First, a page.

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Each week we round up travel startups that have recently received or announced funding. Please email Senior Travel Tech Editor Sean O'Neill at firstname.lastname@example.org if you have funding news.
This week startups announced more than $262.6 million in funding.
We also reported that BlaBlaCar, the world’s largest long-distance ridesharing community, had received a $113 million (€101 million) Series D extension in BlaBlaCar as a new investor from state-owned rail operator SNCF (Société Nationale des Chemins de fer Français).
Here are other companies that announced this week that they had raised funding.
>>Tiqets, an attractions booking startup, has raised $23 million as an extension of the company’s Series B funding round.
HPE Growth Capital led the round.
Founded in 2014, the 120-employee Tiqets is based in Amsterdam and has raised $44.5 million in total, to date.
It provides a platform for consumers to book admission tickets for museums and attractions, and it distributes tickets via more than 1,500 affiliates and other partners. Tiqets has a real-time connectivity with venues, which lets it provide last-minute and mobile entrance sales as well via demand aggregators, such as Google, WeChat, and Veltra.
Tiqets also offers museums and attractions technology that helps increase onsite conversion and marketing tools to encourage customers to become repeat visitors.
“Tiqets invested heavily in its technology in the last years, which has paid off,” said Luuc Elzinga, CEO of Tiqets.
Tiqets bragged that it took only four years for it to distribute 7 million tickets, while GetYourGuide, the best-funded online marketplace for tours-and-activities, took a decade to sell 20 million tickets. If nothing else, claims like those suggest that online sales of tours and activities continue to snowball.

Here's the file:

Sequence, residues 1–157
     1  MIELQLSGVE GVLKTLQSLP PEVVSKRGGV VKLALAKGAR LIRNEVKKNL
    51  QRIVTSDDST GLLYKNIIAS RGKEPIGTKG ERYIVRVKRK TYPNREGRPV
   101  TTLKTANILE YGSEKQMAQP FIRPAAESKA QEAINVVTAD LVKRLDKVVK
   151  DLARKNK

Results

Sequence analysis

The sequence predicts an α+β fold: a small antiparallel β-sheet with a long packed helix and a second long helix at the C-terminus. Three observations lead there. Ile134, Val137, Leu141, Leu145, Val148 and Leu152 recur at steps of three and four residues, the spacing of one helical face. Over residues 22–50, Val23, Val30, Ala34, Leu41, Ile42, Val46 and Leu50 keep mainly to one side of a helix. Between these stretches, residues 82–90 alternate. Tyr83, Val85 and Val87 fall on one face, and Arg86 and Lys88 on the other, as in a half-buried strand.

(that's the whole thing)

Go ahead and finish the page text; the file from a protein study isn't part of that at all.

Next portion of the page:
>>HeadBox, an event tech company, has raised $5.1 million, or £4 million, in a Series A round.
Guinness Asset Management led the round. The startup has raised a total of $10.5 million, or £8.2 million, since its launch in 2015.
It lists 5,500 meeting, offsite, and event spaces in seven UK cities for meeting planners to book. The company plans to expand next year to markets such as Dublin, Amsterdam, Paris, and Berlin.
Headbox, which has 52 employees, recently launched an online marketplace for researching venues. It also offers a software tool for corporate clients as help for booking events. It offers venue management software for host venues, too, which helps organizers collect bookings and payments online and manage customer relationships.
The company nearly tripled its sales in 2018, year-over-year, it said.
>>Sastaticket.pk, an online travel agency, raised $1.5 million in Series A funding.
Gobi Partners led the round.
Founded in September 2016 in Karachi, Pakistan, Sastaticket.pk sells flights and hotels online.
Skift Cheat Sheet:
We define a startup as a company formed to test and build a repeatable and scalable business model. Few companies meet that definition. The rare ones that do often attract venture capital. Their funding rounds come in waves.
Seed capital is money used to start a business, often led by angel investors and friends or family.
Series A financing is typically drawn from venture capitalists. The round aims to help a startup’s founders make sure that their product is something that customers truly want to buy.
Series B financing is mainly about venture capitalist firms helping a company grow faster, or scale up. These fundraising rounds can assist with recruiting skilled workers and developing cost-effective marketing.
Series C financing is ordinarily about helping a company expand, such as through acquisitions. In addition to VCs, hedge funds, investment banks, and private equity firms often participate.
Series D, E and beyond These mainly mature businesses and the funding round may help a company prepare to go public or be acquired. A variety of types of private investors might participate.